Investors with a one to two year perspective can buy the Hero MotoCorp stock. Market volatility since the benchmark Sensex index first touched the 50,000-mark has seen many bluechips correct and Hero is one of them. The stock has lost about 20 per cent from its one-year high of ₹3,628 clocked in mid- February.
A rise in fuel prices as well as price hikes to pass on escalation in commodity costs have also impacted the stock, as the company caters to the price-sensitive commuter segment, predominantly.. With the second wave of Covid rearing its head, production and sales volumes could take a hit in the next 2-3 months.
However, over the medium term, prospects remain intact. For one, after two-years of a cyclical downturn, a low base promises to support volume growth for the auto industry this fiscal.
Secondly, the forecast of normal monsoons bodes well for rural sales, wherein the company has a strong foothold. Three, the focus on and increase in market share in the premium segment indicates that Hero will benefit from better realisations and margins over the next few years. Hence, the correction in the price is a good opportunity for long-term investors to take the plunge.
At the current price of ₹2,893, the Hero MotoCorp stock trades at a valuation of 15.5 times its estimated earnings for FY22 (Bloomberg consensus). This is at a discount to peers Bajaj Auto (18.7 times FY22) and TVS Motors (30 times FY22).
Pulling back from the lockdown early last fiscal and backed by a good festival quarter in the October-December period, Hero did well to end FY21 with a 10 per cent year-on-year (y-o-y) fall in sales volumes (wholesale) vs the industry average fall of 13 per cent. In a tough year, Hero managed to grow its market share in the commuter segment, after being beaten down by Bajaj Auto in the last three years.
With models such as Deluxe and Splendor, Hero MotoCorp is the market leader in commuter bikes and entry-level bikes (75-110 cc). Bajaj’s market share in the commuter segment, which stood at 12.8 per cent in FY18, moved up to 17.1 per cent in FY20. Amid the slowdown in new vehicle sales in those years, Bajaj Auto shifted focus to volumes rather than margins to improve its share. As a result, Hero lost market share, from 74.5 per cent in FY18 to 72.4 per cent in FY20. In FY21, though, Hero’s share improved to 76.2 per cent while Bajaj’s came down to 13.65 per cent.
Hero’s strong foothold in the rural markets, which did better than urban for a good part of last fiscal, as well as preference for personal mobility by users of public transport due to the need for social distancing, augured well for Hero.
Besides, Hero also strengthened its presence in scooters with launches. After almost halving from 13.1 per cent in FY18 to 7.2 per cent in FY20, Hero’s market share moved up to 9.8 per cent in the scooters segment last fiscal.
Into FY22, there are two concerns. One, retail sales continue to lag wholesale, going by data from FADA (Federation of Automobile Dealers Association). However, there is no inventory build-up with two-wheeler dealers, indicating that the end customer offtakes are indeed steady. Post the festival season — which usually sees two-wheeler dealers having an inventory of 6-8 weeks — inventory levels have been steady at 30-35 days in the last four months. The retail numbers can be taken with a pinch of salt as not all RTOs are covered here and there could be lead and lag impacts.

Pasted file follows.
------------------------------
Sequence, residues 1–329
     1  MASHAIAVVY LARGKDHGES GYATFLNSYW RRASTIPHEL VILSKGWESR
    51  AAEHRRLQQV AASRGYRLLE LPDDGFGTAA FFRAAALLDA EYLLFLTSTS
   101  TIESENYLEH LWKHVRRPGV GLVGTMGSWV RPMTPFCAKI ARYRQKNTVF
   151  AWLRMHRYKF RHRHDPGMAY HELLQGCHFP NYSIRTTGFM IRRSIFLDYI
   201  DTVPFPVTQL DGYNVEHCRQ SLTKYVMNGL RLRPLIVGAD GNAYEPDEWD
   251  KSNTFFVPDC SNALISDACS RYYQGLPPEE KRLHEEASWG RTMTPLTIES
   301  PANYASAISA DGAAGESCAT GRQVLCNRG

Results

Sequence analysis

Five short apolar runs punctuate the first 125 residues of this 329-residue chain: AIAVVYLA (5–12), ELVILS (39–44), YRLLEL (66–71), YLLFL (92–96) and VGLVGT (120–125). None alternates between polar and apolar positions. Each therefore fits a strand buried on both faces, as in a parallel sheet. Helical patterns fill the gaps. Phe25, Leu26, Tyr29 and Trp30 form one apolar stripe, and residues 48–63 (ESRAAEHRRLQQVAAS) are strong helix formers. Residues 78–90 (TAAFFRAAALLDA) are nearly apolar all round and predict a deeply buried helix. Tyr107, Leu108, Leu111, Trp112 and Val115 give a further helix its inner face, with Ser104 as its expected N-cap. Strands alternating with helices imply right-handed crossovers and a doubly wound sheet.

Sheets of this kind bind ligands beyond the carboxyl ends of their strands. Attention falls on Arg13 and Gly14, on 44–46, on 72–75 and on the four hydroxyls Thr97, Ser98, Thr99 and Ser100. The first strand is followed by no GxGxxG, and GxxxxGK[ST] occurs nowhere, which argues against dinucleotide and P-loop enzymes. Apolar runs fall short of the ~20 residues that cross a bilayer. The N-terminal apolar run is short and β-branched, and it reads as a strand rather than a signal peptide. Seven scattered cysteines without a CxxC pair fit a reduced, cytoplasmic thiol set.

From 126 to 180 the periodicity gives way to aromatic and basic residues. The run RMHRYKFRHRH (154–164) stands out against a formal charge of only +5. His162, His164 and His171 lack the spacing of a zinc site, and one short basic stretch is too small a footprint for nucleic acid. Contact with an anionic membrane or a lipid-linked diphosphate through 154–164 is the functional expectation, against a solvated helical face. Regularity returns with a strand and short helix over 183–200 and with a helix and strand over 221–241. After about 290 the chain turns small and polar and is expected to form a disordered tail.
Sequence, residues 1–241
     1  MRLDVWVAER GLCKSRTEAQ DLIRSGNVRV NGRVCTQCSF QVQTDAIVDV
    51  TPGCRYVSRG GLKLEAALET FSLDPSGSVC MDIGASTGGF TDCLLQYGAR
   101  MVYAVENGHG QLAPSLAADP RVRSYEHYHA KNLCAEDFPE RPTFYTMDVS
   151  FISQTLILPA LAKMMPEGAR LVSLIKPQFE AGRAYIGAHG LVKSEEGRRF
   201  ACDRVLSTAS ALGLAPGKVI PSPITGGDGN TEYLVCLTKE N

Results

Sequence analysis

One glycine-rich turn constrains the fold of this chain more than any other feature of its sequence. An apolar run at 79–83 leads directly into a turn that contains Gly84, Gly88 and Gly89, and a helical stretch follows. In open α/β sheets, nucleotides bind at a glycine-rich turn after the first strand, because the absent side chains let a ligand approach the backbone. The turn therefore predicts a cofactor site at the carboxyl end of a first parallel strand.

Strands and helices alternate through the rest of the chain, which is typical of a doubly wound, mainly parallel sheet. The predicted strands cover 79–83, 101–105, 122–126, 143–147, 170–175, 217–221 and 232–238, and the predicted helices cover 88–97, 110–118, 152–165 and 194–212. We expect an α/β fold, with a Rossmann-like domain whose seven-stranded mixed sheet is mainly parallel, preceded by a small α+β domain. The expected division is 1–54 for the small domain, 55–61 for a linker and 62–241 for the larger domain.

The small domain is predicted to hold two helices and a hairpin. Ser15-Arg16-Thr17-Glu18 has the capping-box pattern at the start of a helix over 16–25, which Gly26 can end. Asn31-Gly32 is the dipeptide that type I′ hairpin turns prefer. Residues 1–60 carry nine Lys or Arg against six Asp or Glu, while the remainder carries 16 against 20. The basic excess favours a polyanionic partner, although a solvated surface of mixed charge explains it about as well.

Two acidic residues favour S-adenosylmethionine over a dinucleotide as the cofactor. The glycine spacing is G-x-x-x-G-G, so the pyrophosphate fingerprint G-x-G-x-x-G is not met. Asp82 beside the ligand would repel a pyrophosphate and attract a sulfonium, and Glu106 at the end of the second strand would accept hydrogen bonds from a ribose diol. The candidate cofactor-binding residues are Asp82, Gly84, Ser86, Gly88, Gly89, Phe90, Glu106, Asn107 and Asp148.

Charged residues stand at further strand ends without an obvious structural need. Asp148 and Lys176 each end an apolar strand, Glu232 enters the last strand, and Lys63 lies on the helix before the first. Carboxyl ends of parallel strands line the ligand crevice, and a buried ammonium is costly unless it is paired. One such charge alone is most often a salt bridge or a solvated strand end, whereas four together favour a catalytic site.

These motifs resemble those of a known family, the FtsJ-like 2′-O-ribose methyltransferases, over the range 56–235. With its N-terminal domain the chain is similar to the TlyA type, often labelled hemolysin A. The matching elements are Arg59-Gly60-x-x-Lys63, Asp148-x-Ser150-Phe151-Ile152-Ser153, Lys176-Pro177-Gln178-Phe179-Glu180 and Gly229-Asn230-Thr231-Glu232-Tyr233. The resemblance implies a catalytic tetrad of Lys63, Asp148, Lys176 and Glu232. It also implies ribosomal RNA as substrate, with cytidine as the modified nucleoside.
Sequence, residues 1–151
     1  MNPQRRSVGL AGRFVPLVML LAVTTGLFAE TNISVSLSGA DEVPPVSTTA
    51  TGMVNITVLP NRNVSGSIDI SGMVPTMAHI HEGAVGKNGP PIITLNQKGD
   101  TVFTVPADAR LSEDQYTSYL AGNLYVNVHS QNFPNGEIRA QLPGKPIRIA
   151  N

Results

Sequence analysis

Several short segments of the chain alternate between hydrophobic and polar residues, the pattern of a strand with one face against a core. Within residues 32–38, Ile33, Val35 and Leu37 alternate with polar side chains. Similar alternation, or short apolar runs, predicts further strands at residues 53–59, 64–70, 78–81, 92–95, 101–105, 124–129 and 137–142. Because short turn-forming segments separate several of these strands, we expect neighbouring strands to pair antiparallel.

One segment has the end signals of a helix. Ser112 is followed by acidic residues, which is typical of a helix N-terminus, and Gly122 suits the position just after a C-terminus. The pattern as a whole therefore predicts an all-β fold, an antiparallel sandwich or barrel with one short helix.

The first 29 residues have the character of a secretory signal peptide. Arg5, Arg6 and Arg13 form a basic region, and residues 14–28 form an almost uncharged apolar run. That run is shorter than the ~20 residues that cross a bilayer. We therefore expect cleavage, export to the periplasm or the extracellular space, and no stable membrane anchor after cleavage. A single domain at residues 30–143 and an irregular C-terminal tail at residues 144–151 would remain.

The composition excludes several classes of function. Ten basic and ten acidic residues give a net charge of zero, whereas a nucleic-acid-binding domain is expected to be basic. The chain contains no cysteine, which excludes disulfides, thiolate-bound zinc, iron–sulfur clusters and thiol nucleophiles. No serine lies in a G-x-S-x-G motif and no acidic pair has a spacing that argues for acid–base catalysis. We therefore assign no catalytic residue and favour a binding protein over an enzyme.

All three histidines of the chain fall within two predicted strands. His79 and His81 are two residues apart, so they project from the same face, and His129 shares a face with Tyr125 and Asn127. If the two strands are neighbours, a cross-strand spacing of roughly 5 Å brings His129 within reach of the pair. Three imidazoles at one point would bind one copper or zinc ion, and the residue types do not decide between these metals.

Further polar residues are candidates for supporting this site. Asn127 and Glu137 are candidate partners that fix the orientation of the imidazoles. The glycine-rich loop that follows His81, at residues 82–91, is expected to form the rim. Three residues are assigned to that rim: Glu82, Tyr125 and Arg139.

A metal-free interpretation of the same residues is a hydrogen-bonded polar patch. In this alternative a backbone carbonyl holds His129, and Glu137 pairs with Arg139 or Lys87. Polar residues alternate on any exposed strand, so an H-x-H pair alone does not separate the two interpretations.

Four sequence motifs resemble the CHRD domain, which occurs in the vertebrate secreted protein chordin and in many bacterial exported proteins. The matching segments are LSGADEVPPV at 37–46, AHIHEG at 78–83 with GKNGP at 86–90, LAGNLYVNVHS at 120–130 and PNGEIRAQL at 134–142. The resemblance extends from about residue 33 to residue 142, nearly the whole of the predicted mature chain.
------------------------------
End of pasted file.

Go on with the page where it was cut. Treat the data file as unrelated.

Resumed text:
A second concern is on further production and/or dealership shutdowns. This is, however, not expected to happen on a large scale like last year and hence the dent may not be deep. The low base of FY20 and FY21, where two-wheeler volumes dropped y-o-y by 18 per cent and 13.6 per cent respectively, provides good support for volume growth this year.
Hero will also benefit from its premiumisation efforts, a trend that has caught on due to increasing affordability and urbanisation. Hero’s market share in the 150-200 cc segment bike — a space it entered only two years ago — stands at 6.8 per cent in FY21, thanks to successful launches such as the Xtreme 160R, Xtreme 200S, XPulse 200 and XPulse 200T. Over the next three to five years, the company plans to strengthen its presence in this middle-weight segment through consistent launches/refreshes. The tie-up with Harley Davidson also brings a ready presence in the super premium segment for Hero.
For the nine months ended December 2020, net sales was down 2 per cent year-on-year at ₹22,114 crore and adjusted profits, down 16 per cent to ₹2,099 crore. Operating margin came in at 12.7 per cent vs 14.3 per cent a year ago. With input prices increasing, the company has been taking periodic price hikes to partially pass it on, since October last year. While the company maintains its medium-term margin target of 14-16 per cent, the fourth quarter is likely to see some margin pressure. A volume growth of 18 per cent (helped by a low base in March 2020) , a superior product mix from premium bikes as well as the company’s ongoing cost savings programme‘Leap’ might help mitigate it to an extent.